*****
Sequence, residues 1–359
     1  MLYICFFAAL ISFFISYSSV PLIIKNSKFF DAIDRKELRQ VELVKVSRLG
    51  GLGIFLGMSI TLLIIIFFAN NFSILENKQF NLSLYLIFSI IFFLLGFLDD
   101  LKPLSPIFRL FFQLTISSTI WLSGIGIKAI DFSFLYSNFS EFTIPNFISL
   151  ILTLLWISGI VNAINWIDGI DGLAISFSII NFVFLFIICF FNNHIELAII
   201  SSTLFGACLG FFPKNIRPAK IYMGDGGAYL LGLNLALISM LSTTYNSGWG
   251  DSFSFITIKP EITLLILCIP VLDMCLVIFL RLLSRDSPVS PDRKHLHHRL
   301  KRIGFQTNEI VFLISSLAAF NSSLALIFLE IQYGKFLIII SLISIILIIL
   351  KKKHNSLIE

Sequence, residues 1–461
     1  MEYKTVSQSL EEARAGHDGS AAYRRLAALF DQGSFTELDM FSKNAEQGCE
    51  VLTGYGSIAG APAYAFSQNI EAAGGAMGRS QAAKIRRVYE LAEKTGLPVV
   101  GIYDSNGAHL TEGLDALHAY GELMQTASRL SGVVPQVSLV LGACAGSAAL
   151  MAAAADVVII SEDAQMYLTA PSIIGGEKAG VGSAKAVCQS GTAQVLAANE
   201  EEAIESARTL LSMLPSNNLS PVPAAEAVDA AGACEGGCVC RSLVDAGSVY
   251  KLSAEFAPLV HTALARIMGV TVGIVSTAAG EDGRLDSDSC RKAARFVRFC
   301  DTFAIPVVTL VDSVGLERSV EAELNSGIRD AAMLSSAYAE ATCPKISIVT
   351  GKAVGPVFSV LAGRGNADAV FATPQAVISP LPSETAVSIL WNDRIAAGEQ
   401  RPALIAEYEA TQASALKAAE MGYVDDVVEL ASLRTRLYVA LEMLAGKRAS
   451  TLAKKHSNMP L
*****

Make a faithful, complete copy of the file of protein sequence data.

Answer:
Sequence, residues 1–359
     1  MLYICFFAAL ISFFISYSSV PLIIKNSKFF DAIDRKELRQ VELVKVSRLG
    51  GLGIFLGMSI TLLIIIFFAN NFSILENKQF NLSLYLIFSI IFFLLGFLDD
   101  LKPLSPIFRL FFQLTISSTI WLSGIGIKAI DFSFLYSNFS EFTIPNFISL
   151  ILTLLWISGI VNAINWIDGI DGLAISFSII NFVFLFIICF FNNHIELAII
   201  SSTLFGACLG FFPKNIRPAK IYMGDGGAYL LGLNLALISM LSTTYNSGWG
   251  DSFSFITIKP EITLLILCIP VLDMCLVIFL RLLSRDSPVS PDRKHLHHRL
   301  KRIGFQTNEI VFLISSLAAF NSSLALIFLE IQYGKFLIII SLISIILIIL
   351  KKKHNSLIE

Sequence, residues 1–461
     1  MEYKTVSQSL EEARAGHDGS AAYRRLAALF DQGSFTELDM FSKNAEQGCE
    51  VLTGYGSIAG APAYAFSQNI EAAGGAMGRS QAAKIRRVYE LAEKTGLPVV
   101  GIYDSNGAHL TEGLDALHAY GELMQTASRL SGVVPQVSLV LGACAGSAAL
   151  MAAAADVVII SEDAQMYLTA PSIIGGEKAG VGSAKAVCQS GTAQVLAANE
   201  EEAIESARTL LSMLPSNNLS PVPAAEAVDA AGACEGGCVC RSLVDAGSVY
   251  KLSAEFAPLV HTALARIMGV TVGIVSTAAG EDGRLDSDSC RKAARFVRFC
   301  DTFAIPVVTL VDSVGLERSV EAELNSGIRD AAMLSSAYAE ATCPKISIVT
   351  GKAVGPVFSV LAGRGNADAV FATPQAVISP LPSETAVSIL WNDRIAAGEQ
   401  RPALIAEYEA TQASALKAAE MGYVDDVVEL ASLRTRLYVA LEMLAGKRAS
   451  TLAKKHSNMP L